McCain: I'd Spy on Americans Secretly, Too
If elected president, Senator John McCain would reserve the right to run his own warrantless wiretapping program against Americans, based on the theory that the president's wartime powers trump federal criminal statutes and court oversight, according to a statement released by his campaign Monday.
McCain's new tack towards the Bush administration's theory of executive power comes some 10 days after a McCain surrogate stated, incorrectly it seems, that the senator wanted hearings into telecom companies' cooperation with President Bush's warrantless wiretapping program, before he'd support giving those companies retroactive legal immunity.
As first reported by Threat Level, Chuck Fish, a full-time lawyer for the McCain campaign, also said McCain wanted stricter rules on how the nation's telecoms work with U.S. spy agencies, and expected those companies to apologize for any lawbreaking before winning amnesty.
But Monday, McCain adviser Doug Holtz-Eakin, speaking for the campaign, disavowed those statements, and for the first time cast McCain's views on warrantless wiretapping as identical to Bush's.
[N]either the Administration nor the telecoms need apologize for actions that most people, except for the ACLU and the trial lawyers, understand were Constitutional and appropriate in the wake of the attacks on September 11, 2001. [...]
We do not know what lies ahead in our nation’s fight against radical Islamic extremists, but John McCain will do everything he can to protect Americans from such threats, including asking the telecoms for appropriate assistance to collect intelligence against foreign threats to the United States as authorized by Article II of the Constitution.
The Article II citation is key, since it refers to President Bush's longstanding arguments that the president has nearly unlimited powers during a time of war. The administration's analysis went so far as to say the Fourth Amendment did not apply inside the United States in the fight against terrorism, in one legal opinion from 2001.
McCain's new position plainly contradicts statements he made in a December 20, 2007 interview with the Boston Globe where he implicitly criticized Bush's five-year secret end-run around the Foreign Intelligence Surveillance Act.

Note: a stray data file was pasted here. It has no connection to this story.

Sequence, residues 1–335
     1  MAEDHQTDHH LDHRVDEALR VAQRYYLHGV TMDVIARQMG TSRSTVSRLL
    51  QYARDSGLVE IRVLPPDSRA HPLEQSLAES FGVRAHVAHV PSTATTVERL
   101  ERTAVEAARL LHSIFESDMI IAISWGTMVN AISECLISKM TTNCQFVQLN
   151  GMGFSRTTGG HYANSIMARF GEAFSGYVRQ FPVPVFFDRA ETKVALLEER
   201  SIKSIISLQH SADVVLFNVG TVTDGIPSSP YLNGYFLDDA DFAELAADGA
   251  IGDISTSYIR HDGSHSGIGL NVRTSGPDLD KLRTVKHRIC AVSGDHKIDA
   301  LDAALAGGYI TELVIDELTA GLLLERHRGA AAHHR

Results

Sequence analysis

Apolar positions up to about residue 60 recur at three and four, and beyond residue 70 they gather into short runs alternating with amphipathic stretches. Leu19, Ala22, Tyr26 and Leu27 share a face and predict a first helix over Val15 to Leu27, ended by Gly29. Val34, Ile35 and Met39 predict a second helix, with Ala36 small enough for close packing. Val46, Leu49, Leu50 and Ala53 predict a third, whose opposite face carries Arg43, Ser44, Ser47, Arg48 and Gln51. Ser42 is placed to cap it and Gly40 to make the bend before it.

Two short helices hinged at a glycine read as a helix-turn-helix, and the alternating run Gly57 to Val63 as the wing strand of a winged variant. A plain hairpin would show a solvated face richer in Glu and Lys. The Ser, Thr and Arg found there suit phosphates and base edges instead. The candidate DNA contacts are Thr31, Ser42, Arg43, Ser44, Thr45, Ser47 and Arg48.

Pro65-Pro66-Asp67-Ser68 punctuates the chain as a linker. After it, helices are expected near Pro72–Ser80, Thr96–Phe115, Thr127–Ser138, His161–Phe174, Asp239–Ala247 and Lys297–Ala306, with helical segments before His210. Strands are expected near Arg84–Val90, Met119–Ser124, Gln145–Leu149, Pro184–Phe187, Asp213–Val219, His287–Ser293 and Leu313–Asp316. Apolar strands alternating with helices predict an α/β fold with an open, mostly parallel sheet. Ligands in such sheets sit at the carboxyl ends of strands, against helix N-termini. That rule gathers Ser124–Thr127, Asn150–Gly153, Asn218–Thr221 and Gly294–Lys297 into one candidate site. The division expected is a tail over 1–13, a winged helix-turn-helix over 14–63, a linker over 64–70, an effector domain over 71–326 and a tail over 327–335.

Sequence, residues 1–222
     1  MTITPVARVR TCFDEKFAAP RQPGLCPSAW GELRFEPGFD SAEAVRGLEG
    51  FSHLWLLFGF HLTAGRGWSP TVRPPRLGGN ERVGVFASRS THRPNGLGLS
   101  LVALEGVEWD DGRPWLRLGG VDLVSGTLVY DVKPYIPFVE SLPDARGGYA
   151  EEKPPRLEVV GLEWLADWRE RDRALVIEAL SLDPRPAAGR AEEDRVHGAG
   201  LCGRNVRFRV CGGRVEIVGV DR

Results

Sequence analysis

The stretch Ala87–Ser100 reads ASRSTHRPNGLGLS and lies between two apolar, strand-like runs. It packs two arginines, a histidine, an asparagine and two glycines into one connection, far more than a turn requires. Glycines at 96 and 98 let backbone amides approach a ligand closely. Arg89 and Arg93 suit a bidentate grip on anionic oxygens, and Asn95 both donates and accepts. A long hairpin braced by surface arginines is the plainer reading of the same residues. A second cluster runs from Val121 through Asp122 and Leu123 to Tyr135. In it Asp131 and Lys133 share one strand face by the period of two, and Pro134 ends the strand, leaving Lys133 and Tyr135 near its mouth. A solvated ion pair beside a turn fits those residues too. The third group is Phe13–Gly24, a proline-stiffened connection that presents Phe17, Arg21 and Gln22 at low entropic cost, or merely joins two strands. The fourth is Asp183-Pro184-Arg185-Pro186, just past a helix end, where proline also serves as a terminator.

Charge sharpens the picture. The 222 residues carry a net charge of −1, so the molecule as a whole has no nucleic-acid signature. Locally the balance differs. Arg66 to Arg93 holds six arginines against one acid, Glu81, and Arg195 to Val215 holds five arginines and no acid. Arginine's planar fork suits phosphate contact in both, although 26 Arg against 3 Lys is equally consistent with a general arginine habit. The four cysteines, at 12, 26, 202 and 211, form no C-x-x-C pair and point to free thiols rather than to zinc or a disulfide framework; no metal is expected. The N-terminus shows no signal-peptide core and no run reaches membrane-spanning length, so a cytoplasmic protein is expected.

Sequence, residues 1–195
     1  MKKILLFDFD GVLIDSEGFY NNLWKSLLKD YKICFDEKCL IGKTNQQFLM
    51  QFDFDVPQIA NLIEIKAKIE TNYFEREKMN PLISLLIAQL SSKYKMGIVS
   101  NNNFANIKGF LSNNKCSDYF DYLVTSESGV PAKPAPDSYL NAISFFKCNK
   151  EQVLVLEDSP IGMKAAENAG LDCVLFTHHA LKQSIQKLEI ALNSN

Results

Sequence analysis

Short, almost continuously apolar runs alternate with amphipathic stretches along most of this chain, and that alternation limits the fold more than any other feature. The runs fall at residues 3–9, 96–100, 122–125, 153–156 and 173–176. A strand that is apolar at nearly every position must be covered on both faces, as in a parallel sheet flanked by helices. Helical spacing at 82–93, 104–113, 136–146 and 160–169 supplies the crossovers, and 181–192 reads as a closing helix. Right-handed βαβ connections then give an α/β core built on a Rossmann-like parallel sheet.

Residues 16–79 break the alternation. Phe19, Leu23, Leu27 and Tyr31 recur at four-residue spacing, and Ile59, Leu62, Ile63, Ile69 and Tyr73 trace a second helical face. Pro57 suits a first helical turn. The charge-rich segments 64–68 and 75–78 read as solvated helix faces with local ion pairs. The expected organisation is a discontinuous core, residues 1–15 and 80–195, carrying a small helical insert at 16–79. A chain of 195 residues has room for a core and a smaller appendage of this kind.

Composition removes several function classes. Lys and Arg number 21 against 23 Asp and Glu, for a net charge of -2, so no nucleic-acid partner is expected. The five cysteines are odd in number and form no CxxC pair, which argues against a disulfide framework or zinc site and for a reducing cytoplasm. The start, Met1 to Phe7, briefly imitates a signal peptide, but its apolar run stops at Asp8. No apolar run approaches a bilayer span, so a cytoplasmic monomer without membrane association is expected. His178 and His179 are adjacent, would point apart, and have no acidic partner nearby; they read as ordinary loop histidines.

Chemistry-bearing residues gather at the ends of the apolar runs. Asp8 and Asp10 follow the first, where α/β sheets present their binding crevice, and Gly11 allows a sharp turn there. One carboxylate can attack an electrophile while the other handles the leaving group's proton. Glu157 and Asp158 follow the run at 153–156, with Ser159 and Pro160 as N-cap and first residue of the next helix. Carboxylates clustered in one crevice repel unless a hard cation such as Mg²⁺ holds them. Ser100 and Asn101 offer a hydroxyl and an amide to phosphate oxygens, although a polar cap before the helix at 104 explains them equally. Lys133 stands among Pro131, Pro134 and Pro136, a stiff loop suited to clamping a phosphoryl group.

"I think that presidents have the obligation to obey and enforce laws that are passed by Congress and signed into law by the president, no matter what the situation is," McCain said.
The Globe's Charlie Savage pushed further, asking , "So is that a no, in other words, federal statute trumps inherent power in that case, warrantless surveillance?" To which McCain answered, "I don't think the president has the right to disobey any law."
McCain's embrace of extrajudicial domestic wiretapping is effectively a bounce-back from Fish's comments, made at the Computers, Freedom and Privacy conference in Connecticut last month. When liberal blogs picked up the story that McCain had moved to the left on wiretapping, the McCain campaign issued a letter insisting that he still supported unconditional immunity, as well as new rules that would expand the nation's spy powers.
The campaign's response was consistent with McCain's past positions and votes. But it riled Andrew McCarthy at the conservative National Review Online, who read the campaign's position as a disavowal of Bush's warrantless wiretapping program, and a wimpy surrender of executive power to Congress.
"What does it mean when he says Sen. McCain does not want the telecoms put into this position again?" McCarthy asked. "Is he saying that in a time of national crisis, the president should not be permitted to ask the telecoms for assistance that is arguably beyond what is prescribed in a statute?"
That's when the campaign issued the letter explaining McCain's new views of executive power, and revealing that McCain would, in certain future circumstances, rely on the same theory of executive power in wartime.
A spokesperson for McCain's camp did not respond to a request Monday for an explanation of the difference between the new policy and the December interview.